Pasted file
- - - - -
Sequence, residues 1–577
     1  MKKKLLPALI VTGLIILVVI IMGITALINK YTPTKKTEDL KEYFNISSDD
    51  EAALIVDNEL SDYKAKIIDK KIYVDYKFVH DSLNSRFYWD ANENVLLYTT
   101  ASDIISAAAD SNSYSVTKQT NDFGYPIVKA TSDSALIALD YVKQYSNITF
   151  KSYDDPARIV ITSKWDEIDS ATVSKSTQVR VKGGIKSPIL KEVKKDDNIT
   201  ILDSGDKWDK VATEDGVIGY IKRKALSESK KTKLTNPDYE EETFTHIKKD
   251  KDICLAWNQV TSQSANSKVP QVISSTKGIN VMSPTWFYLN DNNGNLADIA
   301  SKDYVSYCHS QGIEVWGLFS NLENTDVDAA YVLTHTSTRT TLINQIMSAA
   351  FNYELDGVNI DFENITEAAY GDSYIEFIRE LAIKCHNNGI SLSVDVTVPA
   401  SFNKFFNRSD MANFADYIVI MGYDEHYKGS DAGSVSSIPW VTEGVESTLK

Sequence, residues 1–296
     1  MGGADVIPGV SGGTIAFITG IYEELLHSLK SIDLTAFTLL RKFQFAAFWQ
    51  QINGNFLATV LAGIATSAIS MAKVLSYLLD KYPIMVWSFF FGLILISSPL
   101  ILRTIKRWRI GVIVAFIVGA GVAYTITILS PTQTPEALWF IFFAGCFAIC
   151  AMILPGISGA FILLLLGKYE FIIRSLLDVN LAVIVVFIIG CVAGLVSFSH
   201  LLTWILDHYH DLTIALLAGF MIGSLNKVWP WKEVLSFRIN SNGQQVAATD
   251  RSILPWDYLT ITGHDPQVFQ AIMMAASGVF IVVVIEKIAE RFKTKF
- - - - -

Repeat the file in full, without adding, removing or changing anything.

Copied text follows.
Sequence, residues 1–577
     1  MKKKLLPALI VTGLIILVVI IMGITALINK YTPTKKTEDL KEYFNISSDD
    51  EAALIVDNEL SDYKAKIIDK KIYVDYKFVH DSLNSRFYWD ANENVLLYTT
   101  ASDIISAAAD SNSYSVTKQT NDFGYPIVKA TSDSALIALD YVKQYSNITF
   151  KSYDDPARIV ITSKWDEIDS ATVSKSTQVR VKGGIKSPIL KEVKKDDNIT
   201  ILDSGDKWDK VATEDGVIGY IKRKALSESK KTKLTNPDYE EETFTHIKKD
   251  KDICLAWNQV TSQSANSKVP QVISSTKGIN VMSPTWFYLN DNNGNLADIA
   301  SKDYVSYCHS QGIEVWGLFS NLENTDVDAA YVLTHTSTRT TLINQIMSAA
   351  FNYELDGVNI DFENITEAAY GDSYIEFIRE LAIKCHNNGI SLSVDVTVPA
   401  SFNKFFNRSD MANFADYIVI MGYDEHYKGS DAGSVSSIPW VTEGVESTLK

Sequence, residues 1–296
     1  MGGADVIPGV SGGTIAFITG IYEELLHSLK SIDLTAFTLL RKFQFAAFWQ
    51  QINGNFLATV LAGIATSAIS MAKVLSYLLD KYPIMVWSFF FGLILISSPL
   101  ILRTIKRWRI GVIVAFIVGA GVAYTITILS PTQTPEALWF IFFAGCFAIC
   151  AMILPGISGA FILLLLGKYE FIIRSLLDVN LAVIVVFIIG CVAGLVSFSH
   201  LLTWILDHYH DLTIALLAGF MIGSLNKVWP WKEVLSFRIN SNGQQVAATD
   251  RSILPWDYLT ITGHDPQVFQ AIMMAASGVF IVVVIEKIAE RFKTKF